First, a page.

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Budget 2022: Phasing out of some tax exemptions likely

By Arup Roychoudhury
January 27, 2022 11:38 IST
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FinMin also exploring the option of rationalising capital gains tax rates.

Arup Roychoudhury reports.

Budget

Illustration: Dominic Xavier/Rediff.com

The Centre is considering a gradual phasing out of certain direct tax exemptions meant for corporate and personal tax payers.

This is among the tax proposals being discussed for the upcoming Union Budget 2022-23.

A top policymaker told Business Standard that according to the government’s internal assessment, the percentage of corporates and individuals shifting to the new exemption-less tax regime has been very encouraging, and the Budget-makers expect many more to make the switch in the coming years.

 

The person also said the finance ministry is exploring the option of rationalising the capital gains tax rates.

“We are very encouraged by what we have seen so far.

"The shift to the new rates will happen gradually, as some companies and individuals would like to hold on to the exemptions they are availing.

"But as more and more people shift to the new tax brackets, we will slowly phase out some exemptions,” the official said.

In September 2019, Finance Minister Nirmala Sitharaman had announced new corporate tax rates.

"The base rate was reduced to 22 per cent from 30 per cent for corporates foregoing various exemptions.

"The rate for new manufacturing companies was reduced to 15 per cent from 25 per cent.

Later, in the 2020-21 Union Budget, just before the Covid-19 pandemic struck the country, Sitharaman announced reduced personal income tax rates for those willing to forego certain exemptions and deductions.

For the Rs 5 lakh-Rs 7.5 lakh annual income bracket, the rate was reduced to 10 per cent from 20 per cent.

It was cut to 15 per cent from 20 per cent for the Rs 7.5 lakh-Rs 10 lakh bracket.

There were similar tax rate cuts for salaries up to Rs 15 lakh.

However, rates remained unchanged at 30 per cent for those above Rs 15 lakh per annum.

Since the new corporate tax regime came before the changes in the personal income tax rates, the exemptions for the former category will be the first to go, the official said.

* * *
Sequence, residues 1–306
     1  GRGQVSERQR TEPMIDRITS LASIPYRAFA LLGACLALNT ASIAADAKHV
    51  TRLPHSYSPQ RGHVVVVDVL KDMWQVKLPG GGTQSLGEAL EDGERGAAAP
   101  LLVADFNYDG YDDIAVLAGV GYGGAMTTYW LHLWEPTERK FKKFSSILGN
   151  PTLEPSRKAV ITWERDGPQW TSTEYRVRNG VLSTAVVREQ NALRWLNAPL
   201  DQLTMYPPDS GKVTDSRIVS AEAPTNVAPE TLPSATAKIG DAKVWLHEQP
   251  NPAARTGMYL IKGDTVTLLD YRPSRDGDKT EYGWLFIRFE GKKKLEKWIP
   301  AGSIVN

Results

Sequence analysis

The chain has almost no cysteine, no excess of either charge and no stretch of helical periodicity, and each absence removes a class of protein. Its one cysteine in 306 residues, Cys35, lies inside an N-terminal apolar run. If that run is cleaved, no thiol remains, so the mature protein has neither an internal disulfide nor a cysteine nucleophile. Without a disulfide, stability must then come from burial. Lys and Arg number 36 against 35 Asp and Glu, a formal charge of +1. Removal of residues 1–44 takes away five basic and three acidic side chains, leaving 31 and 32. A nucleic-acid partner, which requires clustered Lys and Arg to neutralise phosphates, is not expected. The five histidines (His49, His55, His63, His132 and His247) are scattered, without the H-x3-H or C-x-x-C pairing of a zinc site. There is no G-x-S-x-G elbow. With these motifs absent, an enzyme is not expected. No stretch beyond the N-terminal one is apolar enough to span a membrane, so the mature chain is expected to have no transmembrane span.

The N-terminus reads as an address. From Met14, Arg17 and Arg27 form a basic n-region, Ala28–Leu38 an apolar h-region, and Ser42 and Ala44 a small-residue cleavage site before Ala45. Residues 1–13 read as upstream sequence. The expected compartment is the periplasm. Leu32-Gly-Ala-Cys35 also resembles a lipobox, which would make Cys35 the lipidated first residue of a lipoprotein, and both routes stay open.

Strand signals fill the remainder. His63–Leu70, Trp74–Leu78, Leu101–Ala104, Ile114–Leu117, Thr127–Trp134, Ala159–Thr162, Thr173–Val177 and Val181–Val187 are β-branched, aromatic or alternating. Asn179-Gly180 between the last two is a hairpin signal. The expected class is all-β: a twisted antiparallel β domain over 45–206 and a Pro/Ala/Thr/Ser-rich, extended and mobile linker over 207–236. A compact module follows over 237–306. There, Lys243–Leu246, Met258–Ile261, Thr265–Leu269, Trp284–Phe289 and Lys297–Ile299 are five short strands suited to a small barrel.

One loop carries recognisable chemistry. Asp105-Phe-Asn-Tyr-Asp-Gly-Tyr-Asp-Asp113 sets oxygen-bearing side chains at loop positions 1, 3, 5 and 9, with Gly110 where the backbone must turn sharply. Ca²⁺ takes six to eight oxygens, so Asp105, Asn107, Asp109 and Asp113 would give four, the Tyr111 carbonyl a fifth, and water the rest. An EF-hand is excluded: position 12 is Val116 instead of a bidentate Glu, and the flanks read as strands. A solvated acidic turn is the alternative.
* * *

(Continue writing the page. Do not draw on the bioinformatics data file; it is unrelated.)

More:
The person stressed that any decision to phase out exemptions will be a considered one.

The upcoming Budget, which Sitharaman will present on February 1, may announce a road map for the gradual phasing out of these exemptions.

“I feel there are certain exemptions that shouldn’t be phased out and should continue.

"An example is 80JJAA, which incentivises companies to hire new workers.

"So some exemptions will continue.

"But traditionally, many types of tax holidays have yielded so much litigation and so much controversy, that putting them to bed is probably a good idea,” said Rohinton Sidhwa, direct tax partner with Deloitte India.

On capital gains tax, many experts have opined that one way of addressing anomalies in the capital gains tax rate is through a more rational assessment of which investments should attract short-term capital gains tax (STCG) and which should attract long-term capital gains tax (LTCG).

“We have received many proposals on rationalising capital gains tax and are mulling over it.

"Nothing has been decided yet,” the official quoted above said.

The rate of capital gains tax differs for different asset classes.

For example, equity and equity mutual funds attract STCG of 15 per cent, and LTCG of 10 per cent for gains above Rs 1 lakh.

STCG on most bond investments is at the tax slab the investor comes under. However, LTCG is either 10 or 20 per cent, depending on whether it is a listed or unlisted bond or a debt mutual fund. For real estate, LTCG is at 20 per cent.

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Arup Roychoudhury in New Delhi
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